Results 1 to 8 of 8
Like Tree4Thanks
  • 2 Post By emakarov
  • 1 Post By a tutor
  • 1 Post By emakarov

Math Help - Abstract Algebra Matrix Formulas

  1. #1
    Newbie
    Joined
    Sep 2012
    From
    United States
    Posts
    12

    Abstract Algebra Matrix Formulas

    Find a formula for the n-th power of any 2 x 2 upper-triangular real matrix,
    a...b
    0...d
    where n is a positive integer, and verify the formula by induction on n. Then, assuming a and d are nonzero, show the matrix is invertible and determine if there is a single formula that works for all integers n (i.e., when n < 0 too).

    So, first in order to derive a general formula for the matrix, I did out the multiplication. The second term in the first row is causing me problems. I find that the first term in the first row is a^n, and the last term in the last row is d^n, but the second term in the first row is causing problems. Below are my results for the second term for each n:
    n=1 : b
    n=2: ab + bd
    n=3: a^2b + abd + bd^2
    n=4: a^3b + a^2bd + abd^2 + bd^3

    I see a pattern, but am not sure how to represent the pattern in terms of n, so any help with this would be appreciated. I was thinking of something along the lines of a^(n-1)b + a^(n-2)bd... but I'm not really sure that's the way to go. Also, any other tips/advice while working on the rest of the problem would be awesome, and if there is a formula that works for negative integers of n as well.
    Follow Math Help Forum on Facebook and Google+

  2. #2
    Senior Member
    Joined
    Jan 2008
    From
    UK
    Posts
    484
    Thanks
    66

    Re: Abstract Algebra Matrix Formulas

    Take the b out and things look a little clearer.

    b
    b(a+d)
    b(a^2+ad+d^2)
    b(a^3+a^2d+ad^2+d^3)

    The expression in brackets can be written neatly as sum.
    Follow Math Help Forum on Facebook and Google+

  3. #3
    MHF Contributor
    Joined
    Oct 2009
    Posts
    5,545
    Thanks
    780

    Re: Abstract Algebra Matrix Formulas

    Also, \sum_{k=0}^na^{n-k}d^k=(a^{n+1}-d^{n+1})/(a-d).
    Thanks from a tutor and TheHowlingLung
    Follow Math Help Forum on Facebook and Google+

  4. #4
    Newbie
    Joined
    Sep 2012
    From
    United States
    Posts
    12

    Re: Abstract Algebra Matrix Formulas

    Quote Originally Posted by emakarov View Post
    Also, \sum_{k=0}^na^{n-k}d^k=(a^{n+1}-d^{n+1})/(a-d).
    I don't fully understand this. My experience with sum notation is brief. Could you explain this a little? When I look at that sum, I see it as an-0d0+an-1d1...+ an-ndn. Is that incorrect? Is that the correct way of representing the summation that's happening as n increases? I don't understand where you are getting (an+1-dn+1)/(a-d). Maybe I'm missing something?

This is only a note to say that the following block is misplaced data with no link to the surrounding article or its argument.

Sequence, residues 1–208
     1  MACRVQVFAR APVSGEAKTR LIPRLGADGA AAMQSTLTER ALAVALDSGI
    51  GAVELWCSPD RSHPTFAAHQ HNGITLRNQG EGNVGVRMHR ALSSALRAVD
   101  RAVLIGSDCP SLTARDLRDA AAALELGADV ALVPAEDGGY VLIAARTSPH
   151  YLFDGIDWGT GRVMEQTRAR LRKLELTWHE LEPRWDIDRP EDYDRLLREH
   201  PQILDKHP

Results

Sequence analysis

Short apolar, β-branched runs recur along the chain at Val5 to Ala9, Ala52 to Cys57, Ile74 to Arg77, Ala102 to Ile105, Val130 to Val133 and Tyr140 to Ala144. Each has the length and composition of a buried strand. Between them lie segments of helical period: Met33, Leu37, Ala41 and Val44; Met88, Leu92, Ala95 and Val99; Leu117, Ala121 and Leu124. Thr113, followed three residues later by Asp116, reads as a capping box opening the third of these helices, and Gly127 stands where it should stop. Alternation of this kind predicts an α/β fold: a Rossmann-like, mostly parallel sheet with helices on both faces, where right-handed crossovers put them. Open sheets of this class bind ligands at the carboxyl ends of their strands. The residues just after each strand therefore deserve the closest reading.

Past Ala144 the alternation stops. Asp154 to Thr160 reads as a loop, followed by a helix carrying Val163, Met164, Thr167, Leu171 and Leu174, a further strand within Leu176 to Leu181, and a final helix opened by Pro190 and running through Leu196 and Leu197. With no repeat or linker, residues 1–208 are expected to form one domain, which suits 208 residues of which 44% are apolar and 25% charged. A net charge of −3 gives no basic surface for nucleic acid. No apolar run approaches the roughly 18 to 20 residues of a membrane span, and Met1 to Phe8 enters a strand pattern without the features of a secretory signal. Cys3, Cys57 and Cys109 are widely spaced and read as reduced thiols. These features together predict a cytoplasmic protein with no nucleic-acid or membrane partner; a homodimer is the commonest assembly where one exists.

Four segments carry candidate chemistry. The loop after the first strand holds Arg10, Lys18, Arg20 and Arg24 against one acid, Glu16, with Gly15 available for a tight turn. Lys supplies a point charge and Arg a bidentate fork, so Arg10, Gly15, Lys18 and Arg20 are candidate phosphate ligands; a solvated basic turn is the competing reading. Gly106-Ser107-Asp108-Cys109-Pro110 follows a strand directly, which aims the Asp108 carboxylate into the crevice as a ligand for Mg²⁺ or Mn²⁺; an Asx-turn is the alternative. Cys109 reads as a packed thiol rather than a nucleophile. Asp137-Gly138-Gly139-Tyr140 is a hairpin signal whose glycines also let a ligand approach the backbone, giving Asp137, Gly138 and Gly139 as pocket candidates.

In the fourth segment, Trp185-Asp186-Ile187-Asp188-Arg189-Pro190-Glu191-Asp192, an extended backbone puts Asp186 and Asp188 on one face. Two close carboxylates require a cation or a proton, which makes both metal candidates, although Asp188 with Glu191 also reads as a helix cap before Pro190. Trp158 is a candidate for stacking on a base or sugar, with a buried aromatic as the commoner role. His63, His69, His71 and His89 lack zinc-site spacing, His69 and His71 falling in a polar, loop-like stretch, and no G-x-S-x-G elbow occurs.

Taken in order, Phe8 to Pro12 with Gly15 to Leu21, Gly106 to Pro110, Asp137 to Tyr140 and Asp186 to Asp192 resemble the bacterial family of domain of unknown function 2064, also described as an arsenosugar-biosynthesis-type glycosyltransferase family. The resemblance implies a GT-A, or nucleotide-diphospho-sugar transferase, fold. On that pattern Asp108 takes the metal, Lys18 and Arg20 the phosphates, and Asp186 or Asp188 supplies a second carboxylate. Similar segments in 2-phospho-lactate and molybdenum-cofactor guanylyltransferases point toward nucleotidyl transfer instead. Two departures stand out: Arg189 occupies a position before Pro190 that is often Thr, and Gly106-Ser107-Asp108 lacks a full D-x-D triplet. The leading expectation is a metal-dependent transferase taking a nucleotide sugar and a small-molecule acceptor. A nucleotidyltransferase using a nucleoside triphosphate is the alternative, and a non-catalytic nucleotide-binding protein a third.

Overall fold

Follow Math Help Forum on Facebook and Google+

  5. #5
    Senior Member
    Joined
    Jan 2008
    From
    UK
    Posts
    484
    Thanks
    66

    Re: Abstract Algebra Matrix Formulas

    Example

    a^3-d^3=(a-d)(a^2+ad+d^2)

    \frac{a^3-d^3}{a-d}=a^2+ad~+d^2
    Thanks from TheHowlingLung
    Follow Math Help Forum on Facebook and Google+

  6. #6
    MHF Contributor
    Joined
    Oct 2009
    Posts
    5,545
    Thanks
    780

    Re: Abstract Algebra Matrix Formulas

    Quote Originally Posted by TheHowlingLung View Post
    When I look at that sum, I see it as an-0d0+an-1d1...+ an-ndn.
    This is correct.

    Quote Originally Posted by TheHowlingLung View Post
    I don't understand where you are getting (an+1-dn+1)/(a-d).
    The easiest way to prove this is to multiply (a - d) by (and0+an-1d1...+ a0dn); most terms cancel out. See also here and here.
    Last edited by emakarov; September 6th 2012 at 03:12 AM.
    Thanks from TheHowlingLung
    Follow Math Help Forum on Facebook and Google+

  7. #7
    Newbie
    Joined
    Sep 2012
    From
    United States
    Posts
    12

    Re: Abstract Algebra Matrix Formulas

    Thanks guys! I appreciate the help.
    Follow Math Help Forum on Facebook and Google+

  8. #8
    MHF Contributor
    Joined
    Oct 2009
    Posts
    5,545
    Thanks
    780

    Re: Abstract Algebra Matrix Formulas

    Quote Originally Posted by emakarov View Post
    This is correct.

    The easiest way to prove this is to multiply (a - d) by (and0+an-1d1...+ a0dn); most terms cancel out. See also here and here.
    Edit: The first link does not work, but it's in the Math Help Boards forum. The part of the URL after the site name is correct.
    Follow Math Help Forum on Facebook and Google+

Similar Math Help Forum Discussions

  1. Replies: 2
    Last Post: December 6th 2010, 03:03 PM
  2. Replies: 0
    Last Post: April 23rd 2010, 11:37 PM
  3. abstract algebra #2
    Posted in the Number Theory Forum
    Replies: 5
    Last Post: January 28th 2010, 09:52 PM
  4. Abstract Algebra
    Posted in the Advanced Algebra Forum
    Replies: 1
    Last Post: October 17th 2008, 10:13 AM
  5. abstract algebra
    Posted in the Advanced Algebra Forum
    Replies: 4
    Last Post: February 27th 2008, 07:22 PM

Search Tags


/mathhelpforum @mathhelpforum